AJAX is great but as JamWaffles (+1 to him) said, using form tags provides a fallback method.

Personally I use form tags, even for things I submit with AJAX because it is syntactically clear and makes it easy to grab all inputs within a specific form. Yes you could do this with a div or whatever too but as I said, using a form is syntactically nice.

Incidentally, screen readers treat the content inside a form differently so there are accessibility issues to be considered whichever way you choose to go. Note that anecdotal evidence suggests that Google considers accessibility in its rankings so if SEO is a concern for you, use a form and do it right.

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This is the best answer so far. NOT the one currently at the top of the list as of this comment. –  Brian Patterson Jun 11 '11 at 0:19

Not that I can see. I'm currently building a web application that uses <form>s, but I'm using them so I have a fallback method if the user has JavaScript disabled (an e.preventDefault stops the form posting normally). For your situation, where you're saying the user MUST have JavaScript, a <form> tag isn't necessary, but it might be an idea to keep it anyway in case browser need to do anything with it, or to access it as a sort of class.

In short, no, you don't need to use <form> if you're doing pure AJAX, although leaving it in might an idea if you suddenly decide to create fallback code in the future.

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Im pretty sure you could just disable the submit button with disabled="disabled" –  Brian Patterson Jun 10 '11 at 16:26

In my opinion: If you use it for semantic reasons, then use it as intended. The action attribute is required (also can be left empty) to be well-formed, also you can separate your URI-s from your js logic, by setting the action attribute, and reading it before the ajax call.

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+1 for the JS reading the action attribute –  Josh Jun 10 '11 at 17:54

Summary: forms OK for MVC, simple web apps, bad for component oriented, rich web apps.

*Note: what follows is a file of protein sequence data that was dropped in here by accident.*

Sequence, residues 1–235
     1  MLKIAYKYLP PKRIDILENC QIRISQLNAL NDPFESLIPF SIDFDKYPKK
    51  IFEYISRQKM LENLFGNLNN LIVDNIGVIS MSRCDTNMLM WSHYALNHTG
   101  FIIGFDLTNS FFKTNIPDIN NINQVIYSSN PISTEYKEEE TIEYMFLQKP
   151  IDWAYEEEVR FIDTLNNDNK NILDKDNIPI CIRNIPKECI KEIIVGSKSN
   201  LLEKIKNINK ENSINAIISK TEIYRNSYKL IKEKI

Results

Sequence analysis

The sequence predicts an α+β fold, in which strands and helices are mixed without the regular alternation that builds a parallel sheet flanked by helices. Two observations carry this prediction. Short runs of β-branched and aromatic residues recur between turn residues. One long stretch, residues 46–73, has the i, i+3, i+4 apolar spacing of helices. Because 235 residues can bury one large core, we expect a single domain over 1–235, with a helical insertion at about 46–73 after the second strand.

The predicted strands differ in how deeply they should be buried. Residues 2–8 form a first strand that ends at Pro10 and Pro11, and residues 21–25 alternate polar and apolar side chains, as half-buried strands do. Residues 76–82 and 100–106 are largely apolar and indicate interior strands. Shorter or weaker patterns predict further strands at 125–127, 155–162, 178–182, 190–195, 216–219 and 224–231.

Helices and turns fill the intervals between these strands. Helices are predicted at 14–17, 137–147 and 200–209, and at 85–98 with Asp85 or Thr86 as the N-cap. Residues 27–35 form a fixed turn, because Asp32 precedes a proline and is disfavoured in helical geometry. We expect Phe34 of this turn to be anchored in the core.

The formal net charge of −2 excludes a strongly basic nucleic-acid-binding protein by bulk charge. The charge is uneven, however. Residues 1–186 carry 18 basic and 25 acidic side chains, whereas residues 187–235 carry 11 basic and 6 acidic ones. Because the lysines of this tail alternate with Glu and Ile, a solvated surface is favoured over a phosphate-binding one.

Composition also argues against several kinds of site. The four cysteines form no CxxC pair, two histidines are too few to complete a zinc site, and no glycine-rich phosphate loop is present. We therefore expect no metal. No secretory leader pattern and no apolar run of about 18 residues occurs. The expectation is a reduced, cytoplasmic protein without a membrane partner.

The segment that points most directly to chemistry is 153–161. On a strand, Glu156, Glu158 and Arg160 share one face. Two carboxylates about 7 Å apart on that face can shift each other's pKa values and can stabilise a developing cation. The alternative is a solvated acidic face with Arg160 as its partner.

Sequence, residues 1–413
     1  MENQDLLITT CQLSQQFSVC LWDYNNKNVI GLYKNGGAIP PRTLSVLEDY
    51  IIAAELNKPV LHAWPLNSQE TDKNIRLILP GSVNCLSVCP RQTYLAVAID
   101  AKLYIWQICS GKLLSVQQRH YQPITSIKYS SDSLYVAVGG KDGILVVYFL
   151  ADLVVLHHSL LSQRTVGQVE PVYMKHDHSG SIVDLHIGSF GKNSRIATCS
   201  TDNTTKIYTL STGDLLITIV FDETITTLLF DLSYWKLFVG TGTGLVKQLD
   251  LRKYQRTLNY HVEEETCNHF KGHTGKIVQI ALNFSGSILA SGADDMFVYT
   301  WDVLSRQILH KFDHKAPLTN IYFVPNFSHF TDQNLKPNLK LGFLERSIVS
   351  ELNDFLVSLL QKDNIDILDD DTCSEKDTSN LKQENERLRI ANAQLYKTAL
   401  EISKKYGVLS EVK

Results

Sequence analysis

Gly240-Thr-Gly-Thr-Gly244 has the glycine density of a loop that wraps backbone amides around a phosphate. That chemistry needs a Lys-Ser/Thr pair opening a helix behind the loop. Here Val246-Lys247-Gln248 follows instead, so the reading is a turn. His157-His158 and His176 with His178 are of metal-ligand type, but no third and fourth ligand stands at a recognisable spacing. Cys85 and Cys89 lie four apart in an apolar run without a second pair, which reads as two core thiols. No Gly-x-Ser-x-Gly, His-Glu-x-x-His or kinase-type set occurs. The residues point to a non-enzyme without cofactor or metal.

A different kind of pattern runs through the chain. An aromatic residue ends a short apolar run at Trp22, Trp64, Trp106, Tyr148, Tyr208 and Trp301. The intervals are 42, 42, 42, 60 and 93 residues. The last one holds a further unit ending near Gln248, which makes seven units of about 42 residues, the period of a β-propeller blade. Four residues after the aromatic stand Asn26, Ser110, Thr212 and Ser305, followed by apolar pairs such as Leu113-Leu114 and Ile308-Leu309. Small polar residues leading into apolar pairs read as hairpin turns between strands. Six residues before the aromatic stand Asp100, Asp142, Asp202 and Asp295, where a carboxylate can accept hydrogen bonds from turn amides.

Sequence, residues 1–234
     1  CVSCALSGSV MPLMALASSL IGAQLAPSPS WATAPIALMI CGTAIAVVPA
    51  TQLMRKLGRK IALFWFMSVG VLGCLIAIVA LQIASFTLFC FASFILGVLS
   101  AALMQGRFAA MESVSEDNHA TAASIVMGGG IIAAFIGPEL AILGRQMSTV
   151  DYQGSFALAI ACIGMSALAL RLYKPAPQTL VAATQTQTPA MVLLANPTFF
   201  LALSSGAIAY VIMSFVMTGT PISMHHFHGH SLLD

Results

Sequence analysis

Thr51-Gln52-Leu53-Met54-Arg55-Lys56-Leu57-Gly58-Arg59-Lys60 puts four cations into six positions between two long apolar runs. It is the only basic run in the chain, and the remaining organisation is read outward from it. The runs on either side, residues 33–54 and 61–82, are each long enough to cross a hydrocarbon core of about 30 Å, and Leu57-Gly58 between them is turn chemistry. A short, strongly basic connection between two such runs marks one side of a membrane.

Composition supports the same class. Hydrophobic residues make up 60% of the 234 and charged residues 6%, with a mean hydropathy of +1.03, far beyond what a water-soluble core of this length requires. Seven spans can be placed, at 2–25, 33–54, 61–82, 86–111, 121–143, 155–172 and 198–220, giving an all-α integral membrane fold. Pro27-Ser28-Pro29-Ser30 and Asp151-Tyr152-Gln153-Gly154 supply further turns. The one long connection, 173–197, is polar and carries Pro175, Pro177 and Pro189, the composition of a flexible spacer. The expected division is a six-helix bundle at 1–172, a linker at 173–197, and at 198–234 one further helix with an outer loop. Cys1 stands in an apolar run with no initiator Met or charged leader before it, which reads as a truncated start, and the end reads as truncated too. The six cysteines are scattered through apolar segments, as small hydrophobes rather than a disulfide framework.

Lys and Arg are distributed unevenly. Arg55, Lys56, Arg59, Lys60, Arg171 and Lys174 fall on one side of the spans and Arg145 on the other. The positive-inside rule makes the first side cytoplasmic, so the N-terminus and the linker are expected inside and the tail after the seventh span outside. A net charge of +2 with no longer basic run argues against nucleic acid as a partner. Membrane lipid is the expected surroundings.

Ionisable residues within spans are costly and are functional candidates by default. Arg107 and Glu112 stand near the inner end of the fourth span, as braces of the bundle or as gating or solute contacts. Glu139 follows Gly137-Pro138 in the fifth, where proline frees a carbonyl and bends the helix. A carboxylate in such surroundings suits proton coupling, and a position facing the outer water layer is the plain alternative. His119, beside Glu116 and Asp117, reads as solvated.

Reason: forms cannot nest other forms: big limitation for a component-oriented architecture.

Details: For typical MVC applications, forms are great. In rich, complex web applications using a lot of javascript and AJAX and with a lot of components here and there, I don't like forms. Reason: forms cannot nest another forms. Then if each component renders a form, components cannot nest each other. Too bad. By changing all forms to divs, I can nest them, and whenever I want to grab all parameters in order to pass them to ajax, I just do (with jQuery):

$("#id_of_my_div").find("[name]").serialize();

(or some other filtering)

instead of:

$("#id_of_my_form").serialize();

Though, for sentimental and semantic reasons, I keep naming my divs something_form when they are acting as forms.

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I don't see why you would need to use the form tag here. The only reason to use a form tag (other than to get your markup to validate) is if you are going to have the user "submit" the data using a sumbit input or button tag. If you don't need to do that, then there is no need for the form. However, not sure if it will be considered "valid" markup. If you do use it you can just do <form action=""> as action is the only required attribute of the form tag. However, you do bring up a good point, the future of web applications probably will no longer need the form and traditional submit methodology. Very interesting, and makes me happy. hehe :)